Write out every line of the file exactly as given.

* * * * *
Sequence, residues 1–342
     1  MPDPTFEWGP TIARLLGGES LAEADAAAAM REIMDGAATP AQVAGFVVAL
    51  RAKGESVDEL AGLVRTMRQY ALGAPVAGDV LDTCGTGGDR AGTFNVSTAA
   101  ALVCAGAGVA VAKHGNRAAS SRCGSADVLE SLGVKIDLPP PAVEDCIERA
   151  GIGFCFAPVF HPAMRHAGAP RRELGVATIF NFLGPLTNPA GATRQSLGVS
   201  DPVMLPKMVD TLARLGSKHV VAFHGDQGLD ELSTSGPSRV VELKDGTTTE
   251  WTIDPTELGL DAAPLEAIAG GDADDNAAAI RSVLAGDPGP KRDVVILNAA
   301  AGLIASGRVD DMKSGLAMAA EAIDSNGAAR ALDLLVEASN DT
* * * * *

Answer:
Sequence, residues 1–342
     1  MPDPTFEWGP TIARLLGGES LAEADAAAAM REIMDGAATP AQVAGFVVAL
    51  RAKGESVDEL AGLVRTMRQY ALGAPVAGDV LDTCGTGGDR AGTFNVSTAA
   101  ALVCAGAGVA VAKHGNRAAS SRCGSADVLE SLGVKIDLPP PAVEDCIERA
   151  GIGFCFAPVF HPAMRHAGAP RRELGVATIF NFLGPLTNPA GATRQSLGVS
   201  DPVMLPKMVD TLARLGSKHV VAFHGDQGLD ELSTSGPSRV VELKDGTTTE
   251  WTIDPTELGL DAAPLEAIAG GDADDNAAAI RSVLAGDPGP KRDVVILNAA
   301  AGLIASGRVD DMKSGLAMAA EAIDSNGAAR ALDLLVEASN DT